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Environmental, Social, and Governance investing, or more commonly known as ESG investing, refers to investments that are made considering economic aspects as well as human wellbeing.
The investment type is based on the assumption that social and environmental factors affect an organization’s financial performance.
It is the consideration of an investment’s impact on environmental and social factors. Environmental factors include things like energy use, water usage, pollution, etc. while social factors include things like community relations, workplace diversity, and more. Governance covers the ethics and corruption of corporations or companies that are being invested in.
Below, we discuss ESG investing in detail.
What is ESG Investing?
ESG investing has gained a lot of momentum in the past decade or so. While there is no single universally accepted definition, ESG investing is generally regarded as investments that consider economic, social, and environmental factors associated with companies.
There are three core components of ESG investing:
- Environmental: This includes the effects of a company’s products and services on the environment, such as emissions, waste, and water usage.
- Social: This includes the effects of a company’s operations on employees, customers, and communities.
- Governance: This includes ethical considerations such as corruption, bribery, and human rights abuses.
The rationale for ESG investing is that social and environmental issues can have a significant impact on a company’s financial performance. For example, if a company negatively impacts the environment or its employees, it may face regulatory fines or higher operating costs.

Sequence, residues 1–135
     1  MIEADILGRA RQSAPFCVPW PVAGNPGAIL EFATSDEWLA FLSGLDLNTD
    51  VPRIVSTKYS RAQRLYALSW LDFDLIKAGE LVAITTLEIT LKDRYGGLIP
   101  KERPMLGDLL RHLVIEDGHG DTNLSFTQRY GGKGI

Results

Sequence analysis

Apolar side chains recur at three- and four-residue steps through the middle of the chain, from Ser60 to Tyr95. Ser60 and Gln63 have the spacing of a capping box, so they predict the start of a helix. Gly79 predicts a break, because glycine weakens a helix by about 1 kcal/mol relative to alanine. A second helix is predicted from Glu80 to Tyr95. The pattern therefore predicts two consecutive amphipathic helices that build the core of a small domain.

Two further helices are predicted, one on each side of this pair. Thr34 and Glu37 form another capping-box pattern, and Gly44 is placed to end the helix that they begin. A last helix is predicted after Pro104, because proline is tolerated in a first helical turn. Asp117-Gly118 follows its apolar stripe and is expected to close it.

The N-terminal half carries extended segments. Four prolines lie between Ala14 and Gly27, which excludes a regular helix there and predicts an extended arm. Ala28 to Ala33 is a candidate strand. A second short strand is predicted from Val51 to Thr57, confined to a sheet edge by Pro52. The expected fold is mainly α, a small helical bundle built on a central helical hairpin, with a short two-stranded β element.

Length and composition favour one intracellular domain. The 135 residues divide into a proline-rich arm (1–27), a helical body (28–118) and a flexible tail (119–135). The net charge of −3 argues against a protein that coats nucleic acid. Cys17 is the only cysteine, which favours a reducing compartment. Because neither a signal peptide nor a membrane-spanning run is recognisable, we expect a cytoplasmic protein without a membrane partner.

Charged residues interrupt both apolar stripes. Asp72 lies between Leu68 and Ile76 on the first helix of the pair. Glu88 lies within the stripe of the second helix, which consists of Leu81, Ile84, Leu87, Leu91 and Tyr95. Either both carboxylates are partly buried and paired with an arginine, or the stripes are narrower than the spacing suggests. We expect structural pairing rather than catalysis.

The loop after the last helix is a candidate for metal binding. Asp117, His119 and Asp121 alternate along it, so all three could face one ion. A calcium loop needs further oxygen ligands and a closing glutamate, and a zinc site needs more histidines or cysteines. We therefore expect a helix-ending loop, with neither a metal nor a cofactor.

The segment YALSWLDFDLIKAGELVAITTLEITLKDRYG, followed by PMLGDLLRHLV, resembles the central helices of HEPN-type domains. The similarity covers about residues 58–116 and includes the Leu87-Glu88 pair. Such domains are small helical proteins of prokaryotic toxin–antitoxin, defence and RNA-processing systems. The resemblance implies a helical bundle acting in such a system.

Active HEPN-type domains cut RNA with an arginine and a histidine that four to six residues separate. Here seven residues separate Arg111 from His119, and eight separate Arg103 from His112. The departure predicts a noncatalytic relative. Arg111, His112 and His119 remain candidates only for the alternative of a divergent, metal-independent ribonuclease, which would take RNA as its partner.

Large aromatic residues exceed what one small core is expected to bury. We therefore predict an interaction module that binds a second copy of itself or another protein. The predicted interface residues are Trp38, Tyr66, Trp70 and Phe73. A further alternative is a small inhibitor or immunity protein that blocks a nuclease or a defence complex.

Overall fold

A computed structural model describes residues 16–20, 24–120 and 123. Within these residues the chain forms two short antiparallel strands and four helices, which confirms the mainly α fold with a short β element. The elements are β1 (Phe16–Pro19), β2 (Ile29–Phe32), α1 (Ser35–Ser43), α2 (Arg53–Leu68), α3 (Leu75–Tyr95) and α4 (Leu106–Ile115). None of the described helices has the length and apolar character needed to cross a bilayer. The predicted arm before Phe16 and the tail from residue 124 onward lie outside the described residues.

While it may have gained popularity recently, ESG investing isn’t exactly a novel concept. Ethical and religious beliefs have heavily influenced investments throughout time.
For instance, Muslims established investments in compliance with Sharia law, which prohibits weapons. Today, the rise of concepts, such as social sustainability and corporate social responsibility, has increased the investor focus on the ethical side of things.
Does ESG Investing Outperform?
ESG investing is often referred to as an ethical or green-type investment. However, this is somewhat misleading. Studies indicate that companies with good ESG scores don’t perform better for these reasons alone. Rather, it seems that they do so because they tend to have a lower risk.
This makes sense considering social and environmental factors can lead to greater risks in a company’s business model. For example, using carbon-intensive energy sources may pose a high risk to oil companies. Thus, one way of understanding whether ESG investing outperformance is valid or just based on lower risk is to compare it against indices that are assumed to be sustainable.
If the idea behind ESG investing has any valid merit, then it would be logical to expect it to out-perform traditional investments over the long term.
Does that mean ESG doesn’t outperform? There are a few different ways to answer this question. The first is to look at studies that compare the performance of companies with good ESG scores against the ones with lower scores.
Most studies that have analyzed ESG investing reported positive results.
A paper from New York University found that over 200 studies published since 2015 showed results in favor of ESG investing, claiming that it boosts returns. These studies have led to the increased popularity of ESG investing.
Self-proclaimed ESG funds have attracted $340 billion in just two years.
Another way to answer this question is to look at long term performance data between sustainable and traditional investments.
While there isn’t a lot of robust data on this subject yet, what evidence is available suggests that sustainable investments do outperform traditional ones.
But it seems like too much of the hype surrounding ESG investing is based on flawed analyses.
Flawed Underlying Analysis
A study by Scientific Beta claimed that ESG investing does not offer downside risk protection that its proponents claim it does.